This is not the first time we’ve been at this juncture. There is a recent precedent for a sectarian funding programme in education. Sixty-nine schools received additional funding through the Renewing Communities programme(across five government departments) as a result of the Task Force on Protestant Communities set up following DUP pressure after the Orange Order/loyalist riots following the rerouting of the contentious Whiterock parade in 2005. These schools included controlled sector schools with pupil catchments of varying social classes, special schools and even integrated schools, thereby proving that the solitary qualification for funding was the existence of some protestant children amongst the school enrolment.
Needless to say, catholic schools needed not apply.
Back then, the DUP was using its leverage with a British Government eager to entice Ian Paisley into playing with the power-sharing ball to win concessions across a range of areas. Delivering a protestant-only funding programme to a DUP party not yet prepared for the cut and thrust compromises of a shared administration was probably considered a small price to pay by the British government.
But the indications from the DUP Manifesto are that it is keen on reintroducing a similarly divisive programme which is guaranteed to cause considerable discord within the education sector and beyond.
There is an incorrect assumption that the number of protestant pupils attending grammar schools from working class communities is significantly lower than that of their catholic counterparts.
Indeed, one of Eamon Mallie’s tweets yesterday illustrated the prevalence of that erroneous assumption.
Again, whilst there is evidence to illustrate a higher level of working class catholic enrolment in grammar schools in some areas, the evidence is quite decisive in pointing out that it is the similarities and not the differences in attainment across the two communities which are remarkable.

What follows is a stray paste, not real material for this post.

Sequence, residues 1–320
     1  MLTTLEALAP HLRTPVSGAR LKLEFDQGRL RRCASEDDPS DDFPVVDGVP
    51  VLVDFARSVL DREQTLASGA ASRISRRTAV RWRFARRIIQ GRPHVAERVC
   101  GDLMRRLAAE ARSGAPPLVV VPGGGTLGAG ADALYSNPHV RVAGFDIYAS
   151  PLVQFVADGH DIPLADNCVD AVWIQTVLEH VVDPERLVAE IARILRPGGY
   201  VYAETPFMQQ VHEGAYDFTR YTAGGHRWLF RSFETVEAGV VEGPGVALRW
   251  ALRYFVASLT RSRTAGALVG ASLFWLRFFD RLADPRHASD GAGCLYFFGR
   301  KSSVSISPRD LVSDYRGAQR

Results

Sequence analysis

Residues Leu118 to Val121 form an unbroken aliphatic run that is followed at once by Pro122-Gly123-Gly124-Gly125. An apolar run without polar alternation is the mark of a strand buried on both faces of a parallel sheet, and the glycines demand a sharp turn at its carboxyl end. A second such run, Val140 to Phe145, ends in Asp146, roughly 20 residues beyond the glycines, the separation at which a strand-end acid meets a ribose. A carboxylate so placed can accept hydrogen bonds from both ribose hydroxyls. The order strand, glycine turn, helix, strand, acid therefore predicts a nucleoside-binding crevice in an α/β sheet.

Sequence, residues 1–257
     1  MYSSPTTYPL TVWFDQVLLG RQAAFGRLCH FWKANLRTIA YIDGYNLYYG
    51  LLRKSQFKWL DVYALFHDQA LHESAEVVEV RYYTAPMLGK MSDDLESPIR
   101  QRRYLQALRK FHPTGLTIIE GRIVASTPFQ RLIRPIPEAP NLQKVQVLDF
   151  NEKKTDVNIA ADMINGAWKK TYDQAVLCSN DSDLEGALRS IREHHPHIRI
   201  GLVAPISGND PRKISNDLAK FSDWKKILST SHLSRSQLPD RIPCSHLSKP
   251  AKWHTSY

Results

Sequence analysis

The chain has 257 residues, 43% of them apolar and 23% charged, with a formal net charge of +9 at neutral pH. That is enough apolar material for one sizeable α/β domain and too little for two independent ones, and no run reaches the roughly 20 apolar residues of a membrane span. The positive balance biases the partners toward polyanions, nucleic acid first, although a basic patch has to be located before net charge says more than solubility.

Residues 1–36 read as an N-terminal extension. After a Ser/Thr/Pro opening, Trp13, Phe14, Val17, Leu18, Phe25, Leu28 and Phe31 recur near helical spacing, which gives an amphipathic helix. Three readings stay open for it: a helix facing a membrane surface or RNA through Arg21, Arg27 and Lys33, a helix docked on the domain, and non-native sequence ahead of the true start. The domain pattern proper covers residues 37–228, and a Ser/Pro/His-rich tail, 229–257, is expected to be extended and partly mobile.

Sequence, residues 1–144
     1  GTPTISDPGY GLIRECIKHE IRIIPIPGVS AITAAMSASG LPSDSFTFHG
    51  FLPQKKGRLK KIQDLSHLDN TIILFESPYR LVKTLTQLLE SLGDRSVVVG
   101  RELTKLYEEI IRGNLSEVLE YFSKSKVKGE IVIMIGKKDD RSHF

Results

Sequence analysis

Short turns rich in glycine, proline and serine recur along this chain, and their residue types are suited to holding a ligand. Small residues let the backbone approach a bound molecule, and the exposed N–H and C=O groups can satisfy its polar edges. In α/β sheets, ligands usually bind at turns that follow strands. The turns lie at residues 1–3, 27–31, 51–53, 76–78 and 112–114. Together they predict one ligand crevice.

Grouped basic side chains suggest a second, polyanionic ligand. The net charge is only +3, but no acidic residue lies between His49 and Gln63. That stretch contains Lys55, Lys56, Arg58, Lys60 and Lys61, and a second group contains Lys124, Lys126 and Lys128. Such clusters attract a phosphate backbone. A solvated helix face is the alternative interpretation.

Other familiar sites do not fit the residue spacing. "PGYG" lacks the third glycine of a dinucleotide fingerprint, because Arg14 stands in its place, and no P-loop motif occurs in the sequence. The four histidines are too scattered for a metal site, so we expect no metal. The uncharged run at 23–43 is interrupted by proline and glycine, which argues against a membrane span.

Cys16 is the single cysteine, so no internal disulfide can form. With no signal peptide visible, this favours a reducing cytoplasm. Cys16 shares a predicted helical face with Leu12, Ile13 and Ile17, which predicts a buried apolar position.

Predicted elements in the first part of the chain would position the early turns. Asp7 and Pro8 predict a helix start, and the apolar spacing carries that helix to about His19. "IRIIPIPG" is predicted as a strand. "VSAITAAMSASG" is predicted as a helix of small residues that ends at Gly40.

Let’s take the most recent crop of Year 8 children (first year pupils in post-primary schools) for which statistics are provided- 2009/10.
In that year, just 9 of the 60 year 8 pupils transferred to a grammar school in the Falls ward; 19 of 73 pupils residing in Highfield transferred to a grammar school; 7 of the 48 year 8 pupils in Shankill ward transferred to a grammar school whilst fewer than 5 of the 62 pupils residing in the New Lodge transferred to a grammar school.
Far from suggesting a pattern of working class catholic pupils outstripping their protestant counterparts, those figures reveal that, in working class catholic areas like the New Lodge and Falls, there is an even lower level of attainment than on the Shankill.
Those figures suggest that a robust programme should be put in place to tackle underachievement and low attainment on a targeted basis across the entire community to ensure that the 2,600 protestant males aren’t deemed as a greater priority than the 2,900 catholic males.
If objective criteria indicates that a greater number of controlled sector schools must be supported by additional resources and financial support as part of a targeted programme also addressing underachievement and low attainment across all education sectors, then that is perfectly acceptable and an example of effective governance being determined by objective assessment- a critical benchmark of a society based on equality and fairness, as highlighted by Inez McCormack recently.
But what should not be permitted is the sectarianising of funding which indicates a mindset viewing the needs of underachieving protestant children as being superior to those of their fellow underachieving catholic neighbours.